Album: The Roof Is On Fire (1984)
  • One of just three songs released by Rock Master Scott and The Dynamic Three, "Request Line" was the A-side of "The Roof Is On Fire," which later became famous for its chant.

    The "request line" was the phone line where listeners could call in to a radio station and ask for a song. In the years when songs weren't accessible on demand and when live disc jockeys were required at radio stations, this was a big deal, and it was always a thrill when the DJ actually played your song.

    The group was produced by Jerry Bloodrock, who came up with the idea for this song. Greg Wigfall of the Dynamic Three told us how it came together: "Jerry was a DJ, and had the concept of, 'DJ please pick up your phone, I'm on the request line.' We wanted to be in tune with this particular song for the radio station, because with radio, that's what it was. The request line is what people called into when they want to request a song. So we utilized that concept as a radio type of song, the message behind it, DJ picking the phone up and someone making a request and then playing the music.

    And then the raps that came in between the hooks were our own freestyle raps introducing ourselves. Like my rap name was MBG and when I picked the phone up, 'Hello, MBG on your request line, responding to your request.' I would answer the phone and say who I was, and then lay the rap down. It was more of a radio type of song, and it worked. I remember 98.7 KISS broke that song and when they broke it, it just went wild. It came out right around the time that Run-D.M.C. made 'Sucker M.C.s' It was like a battle as to which song was #1 this week, and it went from there.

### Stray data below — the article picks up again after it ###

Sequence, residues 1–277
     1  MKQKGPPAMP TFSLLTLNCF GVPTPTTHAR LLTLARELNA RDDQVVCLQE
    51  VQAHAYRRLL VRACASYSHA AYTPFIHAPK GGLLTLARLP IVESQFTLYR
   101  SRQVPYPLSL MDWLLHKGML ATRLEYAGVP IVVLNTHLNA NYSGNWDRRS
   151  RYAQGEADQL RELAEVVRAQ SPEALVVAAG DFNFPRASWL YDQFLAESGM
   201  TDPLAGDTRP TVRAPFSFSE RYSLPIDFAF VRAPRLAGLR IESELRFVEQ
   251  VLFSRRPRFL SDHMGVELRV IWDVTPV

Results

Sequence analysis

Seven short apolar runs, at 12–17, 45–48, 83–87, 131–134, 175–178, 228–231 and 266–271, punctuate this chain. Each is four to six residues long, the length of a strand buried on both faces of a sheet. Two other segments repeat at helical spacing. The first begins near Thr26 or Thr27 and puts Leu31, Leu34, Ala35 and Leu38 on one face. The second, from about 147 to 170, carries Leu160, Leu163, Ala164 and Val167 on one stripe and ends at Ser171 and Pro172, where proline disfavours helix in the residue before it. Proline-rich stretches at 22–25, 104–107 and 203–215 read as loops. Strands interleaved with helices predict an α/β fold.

Did we expect it to do that? I didn't. When they started playing and playing on regular rotation, it had everybody surprised. But it hit regular rotation with major radio stations, and it's been in Billboard magazine. I think we were in Billboard with a bullet up to #16 before it started to drop."
  • The Soul diva group Zhané recorded a similar song called "Request Line" in 1997 that incorporated the "DJ please pick up your phone..." line at the beginning. Missy Elliott sampled this section at the beginning of her 2002 song "Work It."


Be the first to comment...

Zakk WyldeSongwriter Interviews

When he was playing Ozzfest with Black Label Society, a kid told Zakk he was the best Ozzy guitarist - Zakk had to correct him.

Scott StappSongwriter Interviews

The Creed lead singer reveals the "ego and self-fulfillment" he now sees in one of the band's biggest hits.

Dave Pirner of Soul AsylumSongwriter Interviews

Dave explains how the video appropriated the meaning of "Runaway Train," and what he thought of getting parodied by Weird Al.

The PoliceFact or Fiction

Do their first three albums have French titles? Is "De Do Do Do, De Da Da Da" really meaningless? See if you can tell in this Fact or Fiction.

Producer Ron NevisonSong Writing

Ron Nevison explains in very clear terms the Quadrophenia concept and how Heart staged their resurgence after being dropped by their record company.

Into The Great Wide Open: Made-up MusiciansSong Writing

Eddie (played by Johnny Depp in the video) found fame fleeting, but Chuck Berry's made-up musician fared better.